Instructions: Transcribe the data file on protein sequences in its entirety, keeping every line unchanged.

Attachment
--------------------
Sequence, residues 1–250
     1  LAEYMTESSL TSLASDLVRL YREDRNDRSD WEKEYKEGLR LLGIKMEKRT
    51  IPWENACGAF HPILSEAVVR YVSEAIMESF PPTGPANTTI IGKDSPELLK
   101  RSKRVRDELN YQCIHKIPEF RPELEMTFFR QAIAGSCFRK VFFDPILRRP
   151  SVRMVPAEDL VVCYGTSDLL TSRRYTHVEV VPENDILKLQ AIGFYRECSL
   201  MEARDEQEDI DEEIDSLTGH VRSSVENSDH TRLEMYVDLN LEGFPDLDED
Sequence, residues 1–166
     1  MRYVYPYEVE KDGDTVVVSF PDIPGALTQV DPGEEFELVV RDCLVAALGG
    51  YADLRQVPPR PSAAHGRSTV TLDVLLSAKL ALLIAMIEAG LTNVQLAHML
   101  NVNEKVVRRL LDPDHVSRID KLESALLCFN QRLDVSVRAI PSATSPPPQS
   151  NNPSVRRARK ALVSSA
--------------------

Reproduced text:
Sequence, residues 1–250
     1  LAEYMTESSL TSLASDLVRL YREDRNDRSD WEKEYKEGLR LLGIKMEKRT
    51  IPWENACGAF HPILSEAVVR YVSEAIMESF PPTGPANTTI IGKDSPELLK
   101  RSKRVRDELN YQCIHKIPEF RPELEMTFFR QAIAGSCFRK VFFDPILRRP
   151  SVRMVPAEDL VVCYGTSDLL TSRRYTHVEV VPENDILKLQ AIGFYRECSL
   201  MEARDEQEDI DEEIDSLTGH VRSSVENSDH TRLEMYVDLN LEGFPDLDED
Sequence, residues 1–166
     1  MRYVYPYEVE KDGDTVVVSF PDIPGALTQV DPGEEFELVV RDCLVAALGG
    51  YADLRQVPPR PSAAHGRSTV TLDVLLSAKL ALLIAMIEAG LTNVQLAHML
   101  NVNEKVVRRL LDPDHVSRID KLESALLCFN QRLDVSVRAI PSATSPPPQS
   151  NNPSVRRARK ALVSSA